I did read the blog post. With all due respect Wundermonk, I was dismayed to see that the poster spoke highly of William Lane Craig, who is a Christian philosopher and thus not someone we Hindus want to take on as a role model. But it was interesting nonetheless.

    Defending the statement is difficult because I'm not an atheist in the slightest. But strictly speaking I'd agree with the statement that physics allows for a universe from nothing. In this context I'd have to say that "nothing" excludes Brahman itself, who I'd envison serves as a sort of foundation or scaffolding for the universe. But that's not saying much, and I like to think that Hinduism gives Brahman greater attributes than this. The laws of physics are formalisms that we invent to give the universe a sort of consistency. But they aren't a thing in their own right. I don't know that the existence of these laws alone is enough to say that science requires the universe to have a Creator.

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    Re: Why are some physicists so bad at philosophy?

    Quote Originally Posted by sanjaya View Post
    I did read the blog post. With all due respect Wundermonk, I was dismayed to see that the poster spoke highly of William Lane Craig, who is a Christian philosopher and thus not someone we Hindus want to take on as a role model. But it was interesting nonetheless.
    WLC practises sophistry of the worst kind. Even though I personally dislike his argumentation, there are certain areas where Hindu philosophy is going to overlap with Xian philosophy simply because both are of a theistic nature. So, they are not mutually exclusive in every respect.

    The reason why I linked to that blog post is simply because the Xian philosophers are much better organized and much more articulate than Hindu philosophers (are there any who are visible and write passionately about the Hindu POV to a general audience? I am not aware of any) when it comes to issues surrounding philosophy and theology.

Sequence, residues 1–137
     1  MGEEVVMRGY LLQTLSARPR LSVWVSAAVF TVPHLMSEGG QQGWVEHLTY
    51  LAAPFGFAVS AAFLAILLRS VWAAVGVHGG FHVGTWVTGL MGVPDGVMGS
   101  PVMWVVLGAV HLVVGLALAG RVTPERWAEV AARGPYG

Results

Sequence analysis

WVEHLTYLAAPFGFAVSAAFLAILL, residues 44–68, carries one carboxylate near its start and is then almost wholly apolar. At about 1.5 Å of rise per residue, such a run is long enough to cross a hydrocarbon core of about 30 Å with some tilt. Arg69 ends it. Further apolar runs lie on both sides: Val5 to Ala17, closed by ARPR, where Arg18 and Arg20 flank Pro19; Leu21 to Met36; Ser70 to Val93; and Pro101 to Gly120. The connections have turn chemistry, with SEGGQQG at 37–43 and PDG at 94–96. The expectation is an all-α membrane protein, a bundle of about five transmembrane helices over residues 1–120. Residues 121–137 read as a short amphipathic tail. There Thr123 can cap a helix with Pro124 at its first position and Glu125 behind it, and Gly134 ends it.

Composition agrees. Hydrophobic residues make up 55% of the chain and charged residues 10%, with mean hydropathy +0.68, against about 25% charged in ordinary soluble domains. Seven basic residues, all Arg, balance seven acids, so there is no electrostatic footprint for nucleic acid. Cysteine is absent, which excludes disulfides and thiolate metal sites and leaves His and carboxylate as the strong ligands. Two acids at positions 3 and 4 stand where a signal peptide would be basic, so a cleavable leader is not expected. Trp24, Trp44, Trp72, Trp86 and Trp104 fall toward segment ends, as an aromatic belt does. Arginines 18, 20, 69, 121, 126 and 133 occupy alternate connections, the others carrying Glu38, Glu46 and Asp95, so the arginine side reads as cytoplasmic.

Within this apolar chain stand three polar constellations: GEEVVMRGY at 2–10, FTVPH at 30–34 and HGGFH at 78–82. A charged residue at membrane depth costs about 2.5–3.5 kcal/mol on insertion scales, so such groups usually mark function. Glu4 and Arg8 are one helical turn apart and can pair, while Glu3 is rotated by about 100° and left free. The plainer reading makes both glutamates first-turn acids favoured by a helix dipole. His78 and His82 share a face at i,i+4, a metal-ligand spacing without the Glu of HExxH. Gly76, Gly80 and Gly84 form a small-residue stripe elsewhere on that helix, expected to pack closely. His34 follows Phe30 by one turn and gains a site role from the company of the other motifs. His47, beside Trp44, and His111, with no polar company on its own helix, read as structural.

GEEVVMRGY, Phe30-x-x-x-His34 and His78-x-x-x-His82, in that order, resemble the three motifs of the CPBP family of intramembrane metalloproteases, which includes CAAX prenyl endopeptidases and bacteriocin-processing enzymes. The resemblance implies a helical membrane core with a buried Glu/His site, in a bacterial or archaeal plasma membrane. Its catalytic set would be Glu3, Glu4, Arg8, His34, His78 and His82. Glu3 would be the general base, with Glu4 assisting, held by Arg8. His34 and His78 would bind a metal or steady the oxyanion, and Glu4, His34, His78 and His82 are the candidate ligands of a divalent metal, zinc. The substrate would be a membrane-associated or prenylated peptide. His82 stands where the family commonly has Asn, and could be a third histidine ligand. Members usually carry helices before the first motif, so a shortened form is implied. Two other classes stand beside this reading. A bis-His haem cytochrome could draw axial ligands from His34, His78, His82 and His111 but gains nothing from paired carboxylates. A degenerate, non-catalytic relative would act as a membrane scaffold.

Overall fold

But strictly speaking I'd agree with the statement that physics allows for a universe from nothing. In this context I'd have to say that "nothing" excludes Brahman itself, who I'd envison serves as a sort of foundation or scaffolding for the universe. But that's not saying much, and I like to think that Hinduism gives Brahman greater attributes than this. The laws of physics are formalisms that we invent to give the universe a sort of consistency. But they aren't a thing in their own right. I don't know that the existence of these laws alone is enough to say that science requires the universe to have a Creator.
    This is where the physicist needs to be very careful about her choice of words. If Brahman alone existed "prior" to creation, then creation is not from nothing. If the laws of physics alone existed "prior" to creation, then creation is not from nothing. The laws (I would like to know what these laws are - perhaps you are in a good position to let me know what equations represent these laws) have many objective referents and these are not nothing unless under the pain of having these laws refer to non-existent things.

    So, could you provide some details of what you meant by saying physics allows for a universe from nothing? What is this nothing? Is it the absence of space/time or is it space with no air, i.e. is it a vacuum? Did the laws of physics "cause" the Big Bang or did the laws of physics begin to exist along with the universe? In which case, the laws of physics can not be conceived as a cause of the universe.

    Also, how can the universe "begin" to exist? For something to "begin" to exist, what is necessary is antecedent non-existence. So, if time did NOT exist before the BB, in what meaningful way did the universe "begin" to exist? If you accept this definition of "beginning" to exist, would you agree that time itself can not "begin" to exist?

    Thank you!

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    Re: Why are some physicists so bad at philosophy?

    Quote Originally Posted by wundermonk View Post
    Did the laws of physics "cause" the Big Bang or did the laws of physics begin to exist along with the universe? In which case, the laws of physics can not be conceived as a cause of the universe.
    +1. I think that besides being careful, schools teachers should also give some ideas of probabilities and problems in such theories.For e.g. the theory on life having come from matter is taught as if it is such an obvious thing in schools.